Natural history enthusiast
United States
...I just wondered if anyone "needed" the really pricey ones, or if it is just 'badge collecting'?...

Answer: YES, when it comes to pocket bins especially, the expensive ones are optically/mechanically/ergonomically _far_ superior to the cheapies. For those who push their optics to the limits under tricky conditions, the performance of x25 bins is inherently inferior to that of full-sized bins. One needs to get the very best pocket bins to get performance that is acceptable for critical applications.

I remember when I bought my first bin, which was an 8x42. I saw one model for $35 and another for $850 and for the life of me I couldn't imagine how they could be that different. Since then, I've learned a lot about binoculars.


Neil G.

Well-known member
Hi there hwinbermuda,
I did a similar thread just called "binoculars" where i asked the same question as you.......do people buy top end binoculars because there is a great diference in the viewing experience or does it become a "prestige thing" after a certain point.
I agree with the above poster to an extent about compact types....the really cheap ones don't give an enjoyable viewing experience in most cases but on the other hand you do not need to spend £600 on a pair of compact binoculars to get a fabulous viewing experience.
I do think after a point it can become a psycological or prestige matter......either people believe that the most expensive binoculars will give them a better image or they just want to be able to say "look at my expensive binoculars"........yes there are people like that.You have to spend a certain amount to get a really good viewing experience but after that "certain amount",image quality doesn't exactly improve in leaps and bounds.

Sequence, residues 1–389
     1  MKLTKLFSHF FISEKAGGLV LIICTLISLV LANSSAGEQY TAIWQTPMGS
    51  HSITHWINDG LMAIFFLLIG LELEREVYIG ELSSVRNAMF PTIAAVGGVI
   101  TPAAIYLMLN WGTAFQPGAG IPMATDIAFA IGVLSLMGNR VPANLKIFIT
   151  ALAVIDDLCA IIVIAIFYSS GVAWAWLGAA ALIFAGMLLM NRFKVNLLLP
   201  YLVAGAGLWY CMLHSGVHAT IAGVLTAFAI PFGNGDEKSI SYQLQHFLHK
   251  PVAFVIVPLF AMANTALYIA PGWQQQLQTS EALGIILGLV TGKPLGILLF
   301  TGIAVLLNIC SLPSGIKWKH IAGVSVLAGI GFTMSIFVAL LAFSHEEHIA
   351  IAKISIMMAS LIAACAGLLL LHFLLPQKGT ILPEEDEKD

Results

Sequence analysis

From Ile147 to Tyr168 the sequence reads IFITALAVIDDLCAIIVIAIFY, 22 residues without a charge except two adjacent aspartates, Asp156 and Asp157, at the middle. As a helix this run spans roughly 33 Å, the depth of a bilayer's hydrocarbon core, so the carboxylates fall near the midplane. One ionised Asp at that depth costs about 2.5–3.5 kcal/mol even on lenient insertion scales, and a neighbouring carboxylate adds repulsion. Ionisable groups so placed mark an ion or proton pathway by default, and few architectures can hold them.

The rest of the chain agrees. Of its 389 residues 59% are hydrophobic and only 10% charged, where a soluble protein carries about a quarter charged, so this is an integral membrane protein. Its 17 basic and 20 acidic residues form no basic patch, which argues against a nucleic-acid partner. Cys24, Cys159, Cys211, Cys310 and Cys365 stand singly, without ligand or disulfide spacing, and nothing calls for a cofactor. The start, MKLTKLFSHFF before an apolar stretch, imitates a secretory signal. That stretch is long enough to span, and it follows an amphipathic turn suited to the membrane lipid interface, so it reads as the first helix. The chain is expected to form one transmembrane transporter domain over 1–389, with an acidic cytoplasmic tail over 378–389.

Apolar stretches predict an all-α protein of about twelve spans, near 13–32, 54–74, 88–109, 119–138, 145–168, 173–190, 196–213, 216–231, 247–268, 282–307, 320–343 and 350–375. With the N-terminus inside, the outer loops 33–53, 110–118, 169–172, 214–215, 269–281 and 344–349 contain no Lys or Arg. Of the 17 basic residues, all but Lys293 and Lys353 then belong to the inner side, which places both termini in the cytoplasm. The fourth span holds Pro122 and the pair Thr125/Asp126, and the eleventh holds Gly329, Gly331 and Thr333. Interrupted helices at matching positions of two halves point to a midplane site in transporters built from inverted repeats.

I have a pair of Steiner wildlife pro which cost me less than £300....they are built like a tank,easier to hold for me than roof prisms and give me an image that to my eyes is very pleasing.I looked through a pair of the latest swarovski bino's not long ago that cost over £1000,there is no way that the difference in image quality is worth that price difference.In fact,i prefer the image from my Steiner's as they give a more three dimensional image rarther than a flatter one.
So yes,after a certain point i believe it will become a badge collecting excersize,it makes some people happy knowing they have the most expensive equipment.
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Well-known member